My first 3 films of many ………..
I began with one of the better-known directors/writers who is now pretty famous in Spain and Europe Benito Zambrano. We actually bumped into him on the dance floor in Guadalajara so I got to put a face to the name.
Havana Blues was the first one that caught my eye as the poster looked fun and I needed something a little lighter. I actually ended up shedding a tear at the end of the film but not before a wonderful romp through the lives of two musicians and their families and friends and music.
Benito was actually a student at EICTV during the special period, so he knew the hardest times in Cuba and I think he portrays them really well: from the poverty and frustration of no electricity, to families torn apart by economic desires. But even throughout the worst times, the Cubans still had pride and style. I think these two things have always kept them going.
The actors are all exceptional and the music a great introduction to some modern Cuban sounds. The story revolves around two main characters, musicians being seduced by Spanish producers into signing a contract which seems to include selling their Cuban souls, changing their Cuban lyrics and cancelling their first Cuban performance so they can be marketed in Spain as a new politically-repressed act.
The mulatto Ruy, considers this a betrayal to his country and his art, Tito just recognises the financial necessity and his desire to escape the trap. Throughout all this their families are dealing with breaks ups and heartaches. A boat full of illegal immigrants in the middle of the night leaving behind fathers and families hit me hard and just writing about it again brings tears to my eyes. Seeing the mother pull her daughter from the arms of Ruy wading out in the sea as the boats is leaving is about as tough as it gets. I had hard times in Guatemala when I wanted out of there so badly, but I stayed as I could never have done that to my children or my husband. Separating families is a constant theme here in Cuba, but not just Cuba. How many men leave poor Guatemala, Honduras, El Salvador, Mexico to work in minimum wage jobs in the US and never come come back to their families?
After that I moved swiftly on to Benito’s first film, his opera prima which was shot in Seville on a budget of around $750, 000. His script was selected by the Spanish Ministry of Culture for funding. In this film I see Benito going back to his Spanish roots. The pace is slow but never boring, the economy of language makes the script more powerful and allows for steady but beautiful characterisations. All the people in this film are incredibly believable and all of us have spent lonely times, especially in big anonymous cities even if it is something that is not cool to admit. In the words of Claire Norton-Smith
Solas is a brave film that’s able to address the broader political concerns of poverty, isolation and physical decline from within the concerns of ‘the family’. It stands as a work of immense maturity and warmth and delivers its message without triteness or sentimentality: “Defeat is not the enemy’s triumph,” as Maria’s aged neighbour declares, “Admitting the defeat is”.
I enjoyed Solas and watching the two films one after the other, I appreciated Benito’s ability to make two such different films describing two very different worlds but at the same time exploring humanity regardless of new world, old world differences. If you had watched those two films blind I doubt you would have guessed they were the same director.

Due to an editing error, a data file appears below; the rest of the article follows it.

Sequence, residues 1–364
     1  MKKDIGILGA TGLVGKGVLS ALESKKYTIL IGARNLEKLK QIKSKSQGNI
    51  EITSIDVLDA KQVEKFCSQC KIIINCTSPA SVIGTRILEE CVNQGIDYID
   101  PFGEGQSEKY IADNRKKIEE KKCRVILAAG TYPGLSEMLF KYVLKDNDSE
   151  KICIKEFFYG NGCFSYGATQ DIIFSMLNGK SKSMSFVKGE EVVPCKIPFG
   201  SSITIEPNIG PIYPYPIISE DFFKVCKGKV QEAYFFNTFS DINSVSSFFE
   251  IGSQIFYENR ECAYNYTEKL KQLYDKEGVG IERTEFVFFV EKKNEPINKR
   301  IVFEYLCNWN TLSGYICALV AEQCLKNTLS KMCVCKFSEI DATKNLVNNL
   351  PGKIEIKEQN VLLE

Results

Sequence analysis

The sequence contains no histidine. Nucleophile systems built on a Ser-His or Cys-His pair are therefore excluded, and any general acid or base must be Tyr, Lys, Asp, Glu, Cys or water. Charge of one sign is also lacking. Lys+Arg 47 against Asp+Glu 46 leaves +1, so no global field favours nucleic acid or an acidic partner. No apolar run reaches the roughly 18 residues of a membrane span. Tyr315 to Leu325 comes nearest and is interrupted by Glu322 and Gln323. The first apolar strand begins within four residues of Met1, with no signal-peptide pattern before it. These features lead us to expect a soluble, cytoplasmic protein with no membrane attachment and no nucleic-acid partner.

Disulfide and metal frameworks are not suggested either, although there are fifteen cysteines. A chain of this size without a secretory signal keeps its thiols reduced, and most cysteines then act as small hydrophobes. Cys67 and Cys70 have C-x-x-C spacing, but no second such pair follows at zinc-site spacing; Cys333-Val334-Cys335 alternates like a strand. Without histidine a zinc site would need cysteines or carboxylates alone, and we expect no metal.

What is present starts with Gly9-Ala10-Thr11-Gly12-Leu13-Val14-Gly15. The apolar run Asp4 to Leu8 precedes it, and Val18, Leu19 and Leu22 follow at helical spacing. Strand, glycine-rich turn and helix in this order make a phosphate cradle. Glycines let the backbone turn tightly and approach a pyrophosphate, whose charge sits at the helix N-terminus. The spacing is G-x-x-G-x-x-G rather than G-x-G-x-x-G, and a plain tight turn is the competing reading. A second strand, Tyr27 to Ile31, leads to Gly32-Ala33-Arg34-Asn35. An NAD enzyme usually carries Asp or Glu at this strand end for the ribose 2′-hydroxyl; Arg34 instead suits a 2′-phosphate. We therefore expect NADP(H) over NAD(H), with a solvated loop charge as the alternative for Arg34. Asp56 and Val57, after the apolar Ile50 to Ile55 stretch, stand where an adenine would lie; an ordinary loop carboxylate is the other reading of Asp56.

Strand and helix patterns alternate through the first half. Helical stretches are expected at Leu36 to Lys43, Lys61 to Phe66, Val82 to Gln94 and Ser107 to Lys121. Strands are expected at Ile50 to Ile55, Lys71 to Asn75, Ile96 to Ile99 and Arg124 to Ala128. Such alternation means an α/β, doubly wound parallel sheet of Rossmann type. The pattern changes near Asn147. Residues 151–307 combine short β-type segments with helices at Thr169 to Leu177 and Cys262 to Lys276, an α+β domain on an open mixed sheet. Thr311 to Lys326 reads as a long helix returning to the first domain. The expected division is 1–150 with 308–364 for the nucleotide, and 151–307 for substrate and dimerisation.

Next stop …….
I met Tania Hermida at this years Havana film festival, I think I had met her previously at other festivals but never enough to get to know this bright, funny, kind film maker that even throughout the craziness of the festival and the parties, remembered me and brought me a lovely little gift when she came to my house. Sometimes those little thoughtful things touch you most. She also knows how to tell a good story! Ask her about her first personal encounter with the great Garcia Marquez. ………
I loved her first feature film Que tan lejos, (literally translated how really far ….so something like It’s a long way) which I have just noticed is available to buy on Amazon (so get online and buy it now in the name of supporting great independent film making). Her film could also have the title serendipity or madness just like this blog. It captures beautifully those journeys you make in your life without realizing you are at some kind of crossroad. Or maybe those journeys introduce a crossroad, who knows, just like when I travelled to Guatemala all those years ago. If I ever write my film script, I would love Tania to direct it!
Que tan lejos is a great road movie, a chick flick up there with Thelma and Louise, and a stunning photographical tribute to Ecuador. It tells a story of spontaneous friendships, broken hearts, dead grandmothers and the fun and unexpectedness of travel. You can see Ecuador through the eyes of the two female protagonists one from Madrid, Esperanza who innocently loves to explore new worlds with a fresh openness that you can’t help but like and the cynically self named Ecuadorian literature student, Tristeza who is tired of the tourist cliché of picturesque South America and can’t shake her feeling that she needs to escape to something else. Jesus is a peaceful easy-going lovable character who they meet as he is taking the ashes of his dearly departed grandmother back home. It is a film that flies past fast and all this with a big sense of humour. Buy it watch it and lend it to your friends and then book that flight to Ecuador.
This is just my beginning and I hope in the next few years I will get to watch many more films of the graduates. Poco a poco
PS: This week I saw the Iranian film that won best foreign film at the Oscars. Separation. Powerful stuff. Haven’t felt like that since I saw Mike Leigh’s Secrets and Lies.